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Frosti Sigurjonsson’s Sovereign Money proposal: Iceland’s central bank would become the only creator of money

April 4, 2015

iceland monetary reform coverThe writer thanks Paul Gosling who tweeted the link to a Telegraph article which reports that Iceland’s government is considering a proposal to remove the power of commercial banks to create money and hand it to the central bank. The proposal – “A better monetary system for Iceland”- was part of a report commissioned by Prime Minister Sigmundur David Gunnlaugsson. It was written by a lawmaker from the ruling Progress Party, Frosti Sigurjonsson, ‘businessman and economist’.

In Iceland, as in other market economies, the central bank controls the creation of banknotes and coins but not the creation of all money, which occurs as soon as a commercial bank offers a line of credit. The central bank can only try to influence the money supply with its monetary policy tools.

Finding that each of the country’s past financial crises arose from ‘ballooning credit during a strong economic cycle’, he argues that ‘the central bank was unable to contain the credit boom, allowing inflation to rise and sparking exaggerated risk-taking and speculation, the threat of bank collapse and costly state interventions’.

frosti sigurjon ssonUnder Mr Sigurjonsson’s Sovereign Money proposal, the country’s central bank would become the only creator of money.

“Crucially, the power to create money is kept separate from the power to decide how that new money is used. As with the state budget, the parliament will debate the government’s proposal for allocation of new money”. Banks would continue to manage accounts and payments, and would serve as intermediaries between savers and lenders.

We shall watch the deliberations of the Icelandic   Parliament with great interest.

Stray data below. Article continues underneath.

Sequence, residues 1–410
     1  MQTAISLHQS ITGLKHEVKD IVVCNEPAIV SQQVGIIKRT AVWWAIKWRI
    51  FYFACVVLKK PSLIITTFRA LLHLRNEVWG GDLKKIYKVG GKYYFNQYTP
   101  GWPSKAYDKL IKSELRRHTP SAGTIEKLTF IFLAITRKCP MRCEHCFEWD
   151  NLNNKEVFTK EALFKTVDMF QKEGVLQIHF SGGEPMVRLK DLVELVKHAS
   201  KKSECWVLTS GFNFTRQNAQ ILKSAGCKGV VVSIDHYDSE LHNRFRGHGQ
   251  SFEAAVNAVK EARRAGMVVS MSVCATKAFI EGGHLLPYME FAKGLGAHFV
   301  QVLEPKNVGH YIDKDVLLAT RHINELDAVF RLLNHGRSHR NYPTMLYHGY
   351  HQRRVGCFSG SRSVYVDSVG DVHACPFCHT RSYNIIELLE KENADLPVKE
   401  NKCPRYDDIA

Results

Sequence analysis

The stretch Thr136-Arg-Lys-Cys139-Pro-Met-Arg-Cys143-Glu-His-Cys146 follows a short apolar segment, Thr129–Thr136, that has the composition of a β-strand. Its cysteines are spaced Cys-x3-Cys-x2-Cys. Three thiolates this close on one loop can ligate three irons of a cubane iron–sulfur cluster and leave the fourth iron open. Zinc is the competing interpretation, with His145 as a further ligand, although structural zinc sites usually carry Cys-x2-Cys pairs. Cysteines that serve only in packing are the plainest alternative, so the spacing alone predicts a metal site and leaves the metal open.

Some of the comments

This is a very similar situation as to when the Bradbury Pound was introduced as an emergency measure in 1914. In fact it worked so well, the upper echelon of the banking sector panicked and fought (successfully) tooth and nail to muscle their way back in to re-gain control of the money supply.

Private commercial banks can too readily create money out of thin air and thus encourage booms (during upturns) and busts (during downturns) by inflating and deflating the money supply for their own financial interests rather than those of the economy at large. This must stop. Iceland has realised this and should be encouraged to find a solution that other nations can follow.

My guess is that Greece will inevitably follow suit, closely followed by Spain and Italy.

It will be very interesting to see what reaction the USA has on this move, as to date their record of respecting nations who create their own money supply is to say the least aggressive, aka Libya when Gadaffi was in the process of negotiating with other African nations an all African currency.

President Lincoln did actually do this as an emergency measure during the civil war (creating the Greenback). He then tried to continue it after the war, and look what happened to him…

USA will react: they won’t dare bomb Iceland, but as sure as hell they will find a way to cripple the country in order to get it back into the cartel of self serving parasites that we all ultimately work for.

This sounds like an entirely sensible idea! I wish Britain would do it.

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